Understanding and addressing heterosexual HIV transmission requires attention to the range and context of heterosexual sexual behaviors. We sought to determine population-based prevalence of condomless anal intercourse (CAI) among individuals at increased heterosexual HIV risk in Baltimore and to identify demographic, behavioral, and health-related correlates.
Data were from a cross-sectional study of 185 males and 198 females at increased heterosexual risk for HIV recruited using respondent-driven sampling as part of Centers for Disease Control and Prevention's National HIV Behavioral Surveillance Project in Baltimore, August-December 2010. Bivariate and multivariate logistic regression examined factors associated with heterosexual CAI.
The sample was majority African American, with a mean age of 38 years among men and 34 years among women. Forty-two percent of men (95% confidence interval, 30.9%–52.0%) and 38% of women (95% confidence interval, 29.4%–47.2%) reported any CAI in the past year, with variance by partner type and sex. Among men, CAI was significantly associated with homelessness, casual and exchange partners, same-sex partner in past year, and substance use. Among women, CAI was significantly associated with lower education, casual and exchange partners, same-sex partner in past year, multiple partners, and substance use. In adjusted sex-specific models, males and females with increasing numbers of partners were more likely to engage in CAI.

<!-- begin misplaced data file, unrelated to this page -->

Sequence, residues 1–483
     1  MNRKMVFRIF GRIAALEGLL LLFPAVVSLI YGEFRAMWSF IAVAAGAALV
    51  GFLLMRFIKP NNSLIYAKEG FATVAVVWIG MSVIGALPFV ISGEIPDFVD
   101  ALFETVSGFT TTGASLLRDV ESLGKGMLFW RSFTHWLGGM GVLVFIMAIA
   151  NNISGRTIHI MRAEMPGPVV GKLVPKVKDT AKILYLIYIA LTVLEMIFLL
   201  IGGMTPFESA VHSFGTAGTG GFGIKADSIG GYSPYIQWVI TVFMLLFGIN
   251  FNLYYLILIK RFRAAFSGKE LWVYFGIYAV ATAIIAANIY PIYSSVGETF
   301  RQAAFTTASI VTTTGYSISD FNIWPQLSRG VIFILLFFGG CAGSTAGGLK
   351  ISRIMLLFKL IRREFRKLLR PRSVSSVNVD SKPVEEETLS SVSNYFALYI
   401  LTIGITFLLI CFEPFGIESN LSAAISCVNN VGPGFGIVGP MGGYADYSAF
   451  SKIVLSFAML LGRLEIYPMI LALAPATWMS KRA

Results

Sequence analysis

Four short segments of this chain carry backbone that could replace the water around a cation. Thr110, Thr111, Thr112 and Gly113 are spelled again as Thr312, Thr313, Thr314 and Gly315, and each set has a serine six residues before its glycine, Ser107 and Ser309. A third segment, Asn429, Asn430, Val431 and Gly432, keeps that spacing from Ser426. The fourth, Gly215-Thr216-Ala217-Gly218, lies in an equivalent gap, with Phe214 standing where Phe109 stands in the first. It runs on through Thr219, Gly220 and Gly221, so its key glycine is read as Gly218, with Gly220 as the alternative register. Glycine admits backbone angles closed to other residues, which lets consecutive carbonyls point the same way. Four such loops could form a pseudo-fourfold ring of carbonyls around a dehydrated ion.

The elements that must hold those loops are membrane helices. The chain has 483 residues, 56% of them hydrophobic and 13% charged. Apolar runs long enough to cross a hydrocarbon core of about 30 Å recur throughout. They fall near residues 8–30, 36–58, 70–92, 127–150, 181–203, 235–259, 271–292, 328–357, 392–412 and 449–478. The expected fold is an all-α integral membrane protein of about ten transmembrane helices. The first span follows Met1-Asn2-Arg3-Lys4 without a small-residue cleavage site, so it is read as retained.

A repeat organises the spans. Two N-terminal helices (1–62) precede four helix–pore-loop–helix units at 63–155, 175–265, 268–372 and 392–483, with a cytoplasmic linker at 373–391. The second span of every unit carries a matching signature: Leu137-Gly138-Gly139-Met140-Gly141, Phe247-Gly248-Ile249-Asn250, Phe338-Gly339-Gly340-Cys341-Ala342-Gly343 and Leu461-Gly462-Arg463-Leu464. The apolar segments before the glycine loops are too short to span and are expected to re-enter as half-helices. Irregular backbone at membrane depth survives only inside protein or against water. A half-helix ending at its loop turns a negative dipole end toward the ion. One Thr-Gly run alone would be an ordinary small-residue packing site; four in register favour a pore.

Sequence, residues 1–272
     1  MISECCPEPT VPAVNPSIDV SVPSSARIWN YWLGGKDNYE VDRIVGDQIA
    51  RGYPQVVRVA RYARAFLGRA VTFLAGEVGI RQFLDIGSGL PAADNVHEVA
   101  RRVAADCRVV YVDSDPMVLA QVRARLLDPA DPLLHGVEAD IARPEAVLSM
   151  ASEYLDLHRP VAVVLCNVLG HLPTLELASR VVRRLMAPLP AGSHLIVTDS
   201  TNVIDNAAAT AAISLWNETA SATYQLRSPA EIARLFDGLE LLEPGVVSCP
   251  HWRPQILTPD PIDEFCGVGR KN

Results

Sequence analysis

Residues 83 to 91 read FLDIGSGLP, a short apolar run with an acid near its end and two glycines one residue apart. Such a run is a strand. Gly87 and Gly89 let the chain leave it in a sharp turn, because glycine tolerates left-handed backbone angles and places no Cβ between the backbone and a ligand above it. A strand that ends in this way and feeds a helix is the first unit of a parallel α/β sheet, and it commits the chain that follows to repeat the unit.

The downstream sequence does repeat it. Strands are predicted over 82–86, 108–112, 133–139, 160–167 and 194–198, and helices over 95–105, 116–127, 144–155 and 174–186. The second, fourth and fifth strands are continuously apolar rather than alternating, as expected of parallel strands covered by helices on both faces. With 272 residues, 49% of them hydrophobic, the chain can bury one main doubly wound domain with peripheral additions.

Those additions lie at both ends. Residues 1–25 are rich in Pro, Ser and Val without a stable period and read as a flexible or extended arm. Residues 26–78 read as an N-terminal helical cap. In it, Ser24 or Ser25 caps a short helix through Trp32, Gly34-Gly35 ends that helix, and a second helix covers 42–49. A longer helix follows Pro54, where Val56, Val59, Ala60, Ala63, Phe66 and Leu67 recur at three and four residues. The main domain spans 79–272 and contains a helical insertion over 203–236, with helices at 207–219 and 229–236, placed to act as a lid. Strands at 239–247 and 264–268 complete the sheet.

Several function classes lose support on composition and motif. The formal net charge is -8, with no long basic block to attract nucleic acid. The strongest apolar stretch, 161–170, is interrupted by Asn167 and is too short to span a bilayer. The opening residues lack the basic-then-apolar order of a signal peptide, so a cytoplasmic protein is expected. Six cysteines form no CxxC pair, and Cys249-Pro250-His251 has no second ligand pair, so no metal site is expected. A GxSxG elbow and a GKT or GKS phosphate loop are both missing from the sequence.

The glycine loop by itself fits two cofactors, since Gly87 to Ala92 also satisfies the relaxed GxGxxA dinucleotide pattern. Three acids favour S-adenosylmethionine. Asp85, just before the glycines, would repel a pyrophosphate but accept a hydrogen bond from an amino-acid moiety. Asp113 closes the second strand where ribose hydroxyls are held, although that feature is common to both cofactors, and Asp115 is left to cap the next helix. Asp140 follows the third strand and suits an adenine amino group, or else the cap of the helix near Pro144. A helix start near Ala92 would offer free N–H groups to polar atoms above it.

It is important to recognize the efficiency of transmission of HIV and other sexually transmitted infections through CAI. There is a need to broaden heterosexual sexual health promotion and HIV/sexually transmitted infection prevention to adequately and appropriately address risks and prevention strategies for anal intercourse.
A study of males and females at high risk for heterosexual HIV transmission in Baltimore found high rates of condomless anal intercourse associated with increasing numbers of partners.
From the *Johns Hopkins Bloomberg School of Public Health, Baltimore, MD; and †Maryland Department of Health and Mental Hygiene, Baltimore, MD
Conflict of interest: None declared.
Sources of support: Supported by the Centers for Disease Control and Prevention via subcontract with Maryland Department of Health and Mental Hygiene and NIDA T-32DA007292
Correspondence: Danielle German, PhD, MPH, Department of Health, Behavior and Society, Johns Hopkins Bloomberg School of Public Health, 624 N. Broadway, Baltimore, MD 21205. E-mail: firstname.lastname@example.org.
Received for publication January 20, 2015, and accepted March 9, 2015.